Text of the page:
Build a Multisensor Shield for ESP8266


Rui Santos has a great write-up on building a Multisensor Shield for ESP8266, that is available on GitHub:

In this project you’ll discover how to design and create a Multisensor Shield for the ESP8266 Wemos D1 Mini board. The shield has temperature sensor (DS18B20), a PIR motion sensor, an LDR, and a terminal to connect a relay module. We’ll start by preparing all the hardware and then program it.

See the full post on Random Nerd Tutorials blog.

Tool battery teardowns: Craftsman 19.2V and Ridgid 12V


Russell Graves did teardown of a Craftsman 19.2V DieHard battery and a Ridgid 12V battery:

It’s time for more tool battery teardowns!  This week, I’ve got a Craftsman 19.2V DieHard battery, and a cute little Ridgid 12V battery.  They’re both lithium, and I’m going to dig into both of them, because that’s what I do with old batteries I pick up out of junk bins.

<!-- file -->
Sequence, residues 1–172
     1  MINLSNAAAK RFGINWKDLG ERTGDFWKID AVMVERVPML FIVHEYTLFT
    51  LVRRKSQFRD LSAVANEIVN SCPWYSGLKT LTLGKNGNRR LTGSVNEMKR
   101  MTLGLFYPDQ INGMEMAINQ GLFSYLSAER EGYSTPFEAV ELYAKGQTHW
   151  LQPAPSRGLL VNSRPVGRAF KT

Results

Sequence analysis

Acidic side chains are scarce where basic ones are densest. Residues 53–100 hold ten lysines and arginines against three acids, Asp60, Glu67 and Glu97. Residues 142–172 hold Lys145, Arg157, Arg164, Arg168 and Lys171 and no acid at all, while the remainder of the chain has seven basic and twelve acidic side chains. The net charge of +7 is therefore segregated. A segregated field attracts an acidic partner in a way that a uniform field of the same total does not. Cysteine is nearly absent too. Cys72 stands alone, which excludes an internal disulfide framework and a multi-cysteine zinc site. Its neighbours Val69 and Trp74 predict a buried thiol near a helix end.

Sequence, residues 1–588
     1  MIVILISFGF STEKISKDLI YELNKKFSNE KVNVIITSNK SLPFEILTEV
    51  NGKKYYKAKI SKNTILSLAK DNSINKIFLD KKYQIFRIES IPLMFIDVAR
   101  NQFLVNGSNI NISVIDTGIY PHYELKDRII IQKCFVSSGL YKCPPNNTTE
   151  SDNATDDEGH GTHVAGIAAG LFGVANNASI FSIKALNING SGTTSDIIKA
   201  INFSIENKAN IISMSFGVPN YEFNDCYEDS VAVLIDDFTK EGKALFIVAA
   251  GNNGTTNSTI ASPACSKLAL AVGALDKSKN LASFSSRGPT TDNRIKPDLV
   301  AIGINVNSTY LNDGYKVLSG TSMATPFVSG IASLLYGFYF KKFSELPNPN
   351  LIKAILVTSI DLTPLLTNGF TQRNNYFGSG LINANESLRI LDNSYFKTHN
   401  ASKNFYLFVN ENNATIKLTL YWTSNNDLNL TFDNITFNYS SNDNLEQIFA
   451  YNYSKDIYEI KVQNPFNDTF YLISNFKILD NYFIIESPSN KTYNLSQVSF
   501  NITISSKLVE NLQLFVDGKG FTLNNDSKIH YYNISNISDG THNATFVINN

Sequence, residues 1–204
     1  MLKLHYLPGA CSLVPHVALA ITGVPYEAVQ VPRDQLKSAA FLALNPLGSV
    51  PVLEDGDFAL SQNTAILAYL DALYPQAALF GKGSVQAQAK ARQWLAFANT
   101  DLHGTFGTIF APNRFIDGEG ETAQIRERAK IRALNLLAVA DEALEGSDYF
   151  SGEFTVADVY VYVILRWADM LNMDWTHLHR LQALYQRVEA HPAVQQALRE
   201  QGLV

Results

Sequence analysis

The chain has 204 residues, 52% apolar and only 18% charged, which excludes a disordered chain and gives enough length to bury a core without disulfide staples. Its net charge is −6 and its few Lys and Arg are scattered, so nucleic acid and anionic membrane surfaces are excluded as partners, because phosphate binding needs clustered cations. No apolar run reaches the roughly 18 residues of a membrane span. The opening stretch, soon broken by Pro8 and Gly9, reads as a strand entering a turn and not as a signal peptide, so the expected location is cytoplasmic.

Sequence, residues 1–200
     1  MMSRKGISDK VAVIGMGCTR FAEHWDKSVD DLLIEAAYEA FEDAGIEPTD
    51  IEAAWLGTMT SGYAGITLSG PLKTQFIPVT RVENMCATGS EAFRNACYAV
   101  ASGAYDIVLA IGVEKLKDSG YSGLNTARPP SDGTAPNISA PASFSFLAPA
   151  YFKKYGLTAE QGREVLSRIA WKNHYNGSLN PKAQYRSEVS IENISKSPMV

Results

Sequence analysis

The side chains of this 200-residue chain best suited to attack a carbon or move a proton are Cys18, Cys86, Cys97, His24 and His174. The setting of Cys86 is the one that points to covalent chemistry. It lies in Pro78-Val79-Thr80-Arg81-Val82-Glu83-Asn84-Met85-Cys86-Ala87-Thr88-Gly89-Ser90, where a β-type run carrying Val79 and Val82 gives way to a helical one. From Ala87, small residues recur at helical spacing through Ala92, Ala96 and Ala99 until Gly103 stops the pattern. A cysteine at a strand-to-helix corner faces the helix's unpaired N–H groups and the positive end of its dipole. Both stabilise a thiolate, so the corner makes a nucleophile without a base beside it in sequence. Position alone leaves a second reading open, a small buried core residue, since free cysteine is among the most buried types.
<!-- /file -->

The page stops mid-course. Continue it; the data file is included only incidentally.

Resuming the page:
If you’re bored of tool battery teardowns, you could always send me more interesting things to mess with!  I enjoy poking around tool batteries, and a lot of the ones I pull apart are “new to the internet” in that they haven’t had a detailed teardown before.   It’s always interesting to see how different companies approach much the same problem.

More details on Syonyk’s Project blog.

App note: The reduction of input voltage spike on power switches


Another app note from Richtek introducing solutions for reducing the input voltage spike on power switches. Link here

The power switch is a low voltage, single N-Channel MOSFET high-side power switch, optimized for self-powered and bus- powered Universal Serial Bus (USB) applications.

In worse operating condition, an input voltage spike may over the chip’s maximum input voltage specification to damage the chip.

App note: Analyzing VIN overstress in power ICs


Investigative app note from Richtek about the component failure point caused by EOS. Link here (PDF)

Failures in power ICs are often the result of Electrical Over Stress (EOS) on the IC input supply pin. This report explains the structure of power IC input ESD protection and how ESD cells can become damaged due to EOS. Common causes for input EOS are hot-plug events and other transient effects involving wire or trace inductance in combination with low ESR ceramic capacitors. Solutions are presented how to avoid EOS via special circuit and system design considerations.